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MIT blogger Ankita D. '23

bursting the MIT Bubble by Ankita D. '23

when 🅱️ig 🅱️ome Energy gets too real

college is supposed to be a stepping-stone to adulthood, where undergrads can attempt to be functional human beings an environment conducive to trial and error. we can turn in our psets barefoot and then binge Netflix for eight hours and it’s completely acceptable because, hey, at least we actually did the pset!!!!

and when we’re living in this strange and beautiful enclave where it’s okay to fail at being real adults, a lot of us tend to let ourselves be absorbed in our own lives. keeping up with what’s going on in the world becomes something extraneous and not essential.

in Sloan Business Club’s Board Education Program, which I talk more about here, one of my weekly assignments is to prepare news briefs to present to my peers, the rationale for this being the intensity of the MIT Bubble. when i heard this, i realized how unaware of what’s going on in the world i am. i used to be so caught up with everything, but now i’m just preoccupied with my life here—which is fair, because i’m still adjusting to this environment, but i don’t feel like a functioning human being when the only news i get is from MIT Confessions…

this feeling of being trapped in the Bubble is tangible in my failure to take advantage of the city around me. in my two-ish months01 only two months?? feels like i’ve been here for an eternity here, i haven’t left campus all that much.02 frat parties don’t count lol Boston is right there, but i barely leave my floor?? (okay, my floor is amazing but i, a girl from a city 45 minutes away from Boston, feel like more of a tourist here than i did in Taipei and that kind of alarms me)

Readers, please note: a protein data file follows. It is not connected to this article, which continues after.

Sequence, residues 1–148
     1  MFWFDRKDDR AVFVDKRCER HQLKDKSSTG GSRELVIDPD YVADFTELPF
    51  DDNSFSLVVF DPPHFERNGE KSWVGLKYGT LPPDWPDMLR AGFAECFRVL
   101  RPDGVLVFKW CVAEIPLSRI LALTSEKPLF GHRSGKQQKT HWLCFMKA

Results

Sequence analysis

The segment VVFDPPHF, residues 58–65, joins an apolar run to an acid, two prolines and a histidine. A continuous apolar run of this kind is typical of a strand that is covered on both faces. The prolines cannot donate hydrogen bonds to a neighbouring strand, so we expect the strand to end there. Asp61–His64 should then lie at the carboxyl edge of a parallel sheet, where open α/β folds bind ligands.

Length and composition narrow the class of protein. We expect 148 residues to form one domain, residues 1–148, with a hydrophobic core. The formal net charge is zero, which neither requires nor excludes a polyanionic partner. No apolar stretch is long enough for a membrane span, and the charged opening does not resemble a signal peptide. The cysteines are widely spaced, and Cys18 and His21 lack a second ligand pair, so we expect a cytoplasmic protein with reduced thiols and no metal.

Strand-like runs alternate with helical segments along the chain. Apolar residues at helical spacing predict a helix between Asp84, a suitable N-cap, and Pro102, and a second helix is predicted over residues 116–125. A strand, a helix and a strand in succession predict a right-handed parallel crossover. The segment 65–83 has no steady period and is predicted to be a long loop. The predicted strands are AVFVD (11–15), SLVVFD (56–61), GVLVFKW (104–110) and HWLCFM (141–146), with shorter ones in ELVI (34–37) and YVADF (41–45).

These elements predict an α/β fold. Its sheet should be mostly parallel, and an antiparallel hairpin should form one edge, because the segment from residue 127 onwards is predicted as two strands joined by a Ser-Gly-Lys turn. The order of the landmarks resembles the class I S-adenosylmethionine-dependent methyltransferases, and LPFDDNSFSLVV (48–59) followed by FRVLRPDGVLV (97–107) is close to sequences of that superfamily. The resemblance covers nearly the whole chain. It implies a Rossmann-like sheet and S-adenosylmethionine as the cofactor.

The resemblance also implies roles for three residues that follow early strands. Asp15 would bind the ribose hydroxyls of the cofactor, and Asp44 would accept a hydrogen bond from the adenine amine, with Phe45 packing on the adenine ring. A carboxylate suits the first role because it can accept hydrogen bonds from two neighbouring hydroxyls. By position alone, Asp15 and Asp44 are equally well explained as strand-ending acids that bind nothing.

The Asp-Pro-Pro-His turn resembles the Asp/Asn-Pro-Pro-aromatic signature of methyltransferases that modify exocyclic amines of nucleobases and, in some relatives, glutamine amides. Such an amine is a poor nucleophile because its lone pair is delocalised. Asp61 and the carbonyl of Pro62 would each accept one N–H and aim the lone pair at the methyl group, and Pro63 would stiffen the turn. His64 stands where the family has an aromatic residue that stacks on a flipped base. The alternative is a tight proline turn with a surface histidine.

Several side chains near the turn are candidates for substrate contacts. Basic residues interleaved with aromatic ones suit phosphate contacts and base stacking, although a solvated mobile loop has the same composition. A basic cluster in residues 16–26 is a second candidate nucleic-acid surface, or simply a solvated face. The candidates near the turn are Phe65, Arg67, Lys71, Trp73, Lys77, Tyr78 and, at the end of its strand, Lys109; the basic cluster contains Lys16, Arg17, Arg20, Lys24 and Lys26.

i have, however, notably escaped the bubble on a few occasions: 

 

camping trip! 

the freshmen and sophomores of my floor ventured into the woods of Andover, MA for some good wholesome bonding. the experience was exactly what i’d hoped it would be—building a fire, making s’mores, sharing trauma—the essentials, am i right? we also fit all 11 frosh into one four-person tent, which was nothing short of incredible. 

walking in the middle of ~n a t u r e~ made me realize how accustomed to MIT campus i’d become in the past few weeks. also, i had shut away my internal to-do list for the weekend, so i felt a strange sense of unease, as if besides stressing out about how much i procrastinate on my work, there was nothing to consume my time. for a brief period where the very tired and hungry frosh were lying in a tent listlessly, i was SO agitated because it’s weird to be bored at MIT, where so much is going on and you’re surrounded by so many people.

 

but being off campus and receiving emails from the free-food mailing list was hilarious. us while grilling hot dogs: “oh hey guys there’s thai food in Building 34” *cackling*